A pin of Sarah Goode, who was murdered in 2014,...

A pin of Sarah Goode, who was murdered in 2014, is worn in remembrance. To mark the end of national crime victims week, families gathered in Miller Place, April 26, 2015, for a candlelight vigil to memorialize their loved ones.

Sarah Goode's family wore buttons Sunday with a photo of the beaming 21-year-old taken on her birthday, which she celebrated with her three older sisters.

Goode, stabbed to death on June 7, 2014, had waited for years to be old enough to go out with them, her sisters said. "It was the only night we all got to go out," said her sister Jennifer Driver, 34, of Medford.

The Goode family wasn't alone in their grief.

More than 100 family and friends of victims of fatal violence attended a candlelight vigil Sunday at the Miller Place Inn, squeezing hands, and sharing hugs and stories of looming parole hearings.

The event, organized by the Long Island/New York Metro Area chapter of Parents and Other Survivors of Murdered Victims, Outreach Inc., marked the end of National Crime Victims' Rights Week.

Among those at the vigil was the family of Brendan Lawrence, 20, of Westbury -- shot and killed in Freeport six years ago -- still waiting for justice. There was the family of James Francis Connelly, 15, murdered in 1979.

Peter Gangi talked of the day in 1995 when he found his daughter, Elizabeth Gangi, dead in her North Bellmore home. Her husband was later convicted of her murder.

The group meets on the fourth Friday of the month at 7 p.m. at the North Shore Child and Guidance Center in Roslyn.

Family members read a list of 628 victims -- with a red rose passed out to each victim's closest family members. The list of those killed has been compiled by director Barbara Connelly since the group started meeting in 1981.

Connelly, of Shirley, had been searching for help dealing with her grief over losing her son Jimmy. Her other sons, 8 and 16 in 1979, wanted to kill the murder suspect. Her husband suffered a heart attack at the morgue and was unable to work. The loss of a family member to murder, she said, is different from other deaths.

"It's a personal attack. A car accident is an accident. Someone came up to your person to shoot him or hurt him or strangle him. It changes the whole dynamic of trying to understand death," said Connelly, 74.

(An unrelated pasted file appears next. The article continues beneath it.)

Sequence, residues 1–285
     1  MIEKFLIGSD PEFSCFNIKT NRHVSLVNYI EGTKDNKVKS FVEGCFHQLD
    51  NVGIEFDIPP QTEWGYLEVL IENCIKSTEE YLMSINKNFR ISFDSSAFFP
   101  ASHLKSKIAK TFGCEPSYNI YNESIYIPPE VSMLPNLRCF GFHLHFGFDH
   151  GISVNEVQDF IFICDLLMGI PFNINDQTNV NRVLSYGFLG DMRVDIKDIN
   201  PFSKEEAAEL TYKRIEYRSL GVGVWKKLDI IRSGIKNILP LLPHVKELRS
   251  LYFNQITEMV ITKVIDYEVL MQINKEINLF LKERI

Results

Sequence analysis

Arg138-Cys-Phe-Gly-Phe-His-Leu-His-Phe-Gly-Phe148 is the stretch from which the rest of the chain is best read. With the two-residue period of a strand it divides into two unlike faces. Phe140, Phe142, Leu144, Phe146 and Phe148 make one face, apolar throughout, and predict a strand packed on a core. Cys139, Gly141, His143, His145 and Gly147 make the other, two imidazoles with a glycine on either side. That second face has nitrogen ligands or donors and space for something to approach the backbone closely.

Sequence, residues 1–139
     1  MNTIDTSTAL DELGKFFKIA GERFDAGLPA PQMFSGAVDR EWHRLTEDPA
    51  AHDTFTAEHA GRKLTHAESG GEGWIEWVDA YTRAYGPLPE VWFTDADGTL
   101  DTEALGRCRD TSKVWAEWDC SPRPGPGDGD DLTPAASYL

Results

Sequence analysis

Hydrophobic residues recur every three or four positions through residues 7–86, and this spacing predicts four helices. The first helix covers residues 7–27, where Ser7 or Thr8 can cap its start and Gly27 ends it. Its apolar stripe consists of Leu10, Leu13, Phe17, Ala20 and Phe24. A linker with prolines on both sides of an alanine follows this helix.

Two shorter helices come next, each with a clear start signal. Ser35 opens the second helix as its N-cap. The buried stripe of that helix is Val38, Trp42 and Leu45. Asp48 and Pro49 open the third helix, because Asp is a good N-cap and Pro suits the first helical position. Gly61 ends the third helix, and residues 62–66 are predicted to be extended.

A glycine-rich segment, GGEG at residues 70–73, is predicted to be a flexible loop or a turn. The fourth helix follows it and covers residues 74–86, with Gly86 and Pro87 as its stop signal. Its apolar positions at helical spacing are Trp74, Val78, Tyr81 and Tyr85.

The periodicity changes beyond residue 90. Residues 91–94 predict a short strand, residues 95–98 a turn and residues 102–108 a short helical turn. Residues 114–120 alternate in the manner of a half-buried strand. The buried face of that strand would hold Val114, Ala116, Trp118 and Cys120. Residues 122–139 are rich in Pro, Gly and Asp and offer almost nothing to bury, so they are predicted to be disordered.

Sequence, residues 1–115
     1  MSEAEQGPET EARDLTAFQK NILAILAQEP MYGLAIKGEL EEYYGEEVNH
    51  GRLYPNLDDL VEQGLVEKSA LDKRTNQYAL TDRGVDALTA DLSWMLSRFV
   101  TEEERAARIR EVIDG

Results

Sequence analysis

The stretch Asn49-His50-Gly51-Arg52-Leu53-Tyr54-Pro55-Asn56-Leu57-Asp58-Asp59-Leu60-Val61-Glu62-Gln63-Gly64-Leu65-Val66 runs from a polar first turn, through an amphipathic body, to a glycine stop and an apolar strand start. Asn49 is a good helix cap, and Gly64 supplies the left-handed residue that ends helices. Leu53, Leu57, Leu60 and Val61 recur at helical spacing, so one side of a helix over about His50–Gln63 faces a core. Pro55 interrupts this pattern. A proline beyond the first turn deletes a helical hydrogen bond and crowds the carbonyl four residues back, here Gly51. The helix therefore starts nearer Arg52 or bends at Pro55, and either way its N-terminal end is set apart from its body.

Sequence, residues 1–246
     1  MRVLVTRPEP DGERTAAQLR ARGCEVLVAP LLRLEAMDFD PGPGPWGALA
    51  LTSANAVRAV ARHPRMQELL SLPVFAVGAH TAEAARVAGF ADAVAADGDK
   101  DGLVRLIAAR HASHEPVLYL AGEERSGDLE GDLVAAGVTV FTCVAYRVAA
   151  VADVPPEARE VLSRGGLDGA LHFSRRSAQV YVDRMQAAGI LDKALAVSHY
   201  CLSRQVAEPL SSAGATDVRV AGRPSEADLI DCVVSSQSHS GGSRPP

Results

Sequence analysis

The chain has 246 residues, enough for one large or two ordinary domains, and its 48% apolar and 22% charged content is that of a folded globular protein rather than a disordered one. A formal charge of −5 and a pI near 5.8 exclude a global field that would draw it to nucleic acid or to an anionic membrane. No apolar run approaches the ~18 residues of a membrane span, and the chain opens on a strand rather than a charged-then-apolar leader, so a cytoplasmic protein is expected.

Peter Gangi, 81, said the group was a resource for him and his wife, Gloria, when they needed one. "Longtime friends, when they see you, they have nothing to say. They shy away," he said.

Brendan Lawrence was killed in April 2009, part of an unsolved double homicide.

"I've never gotten up one day and not thought of him," said his mother, Rhona Lawrence, 57.

She said after her son's death, "I just wanted to die." But seeing others in the group who had also lost loved ones helped.

"They gave me strength," Lawrence said.

Wracked by grief, pain and anger, Sarah Goode's three sisters said they too didn't know where to turn in the aftermath.

Connelly came to one of the court hearings for murder suspect Dante Taylor, 19, of Mastic, whose next court date is in June. Since January, they have found comfort in the group.

"They're people who know what we're going through," said Jodie Dixon, 38 of Mastic, another of Goode's sisters.

Elizabeth DeMuria, 37 of West Islip, another sister, said the group helped her realize others had gone through similar pain. "You're not alone," she said.

Suffolk and Nassau police homicide detectives stood in the back of the room during the vigil, then mingled and ate lunch with the survivors. A 50/50 raffle and prizes were auctioned off to raise money for the nonprofit. The police quietly answered questions about old unsolved cases, and shook hands with family members whose cases they had solved.

Det. Captain John Azzata, commanding officer of the Nassau police department homicide squad, has been coming for seven years. He motioned to the detectives, "This is the reason these guys are here and do what they do."

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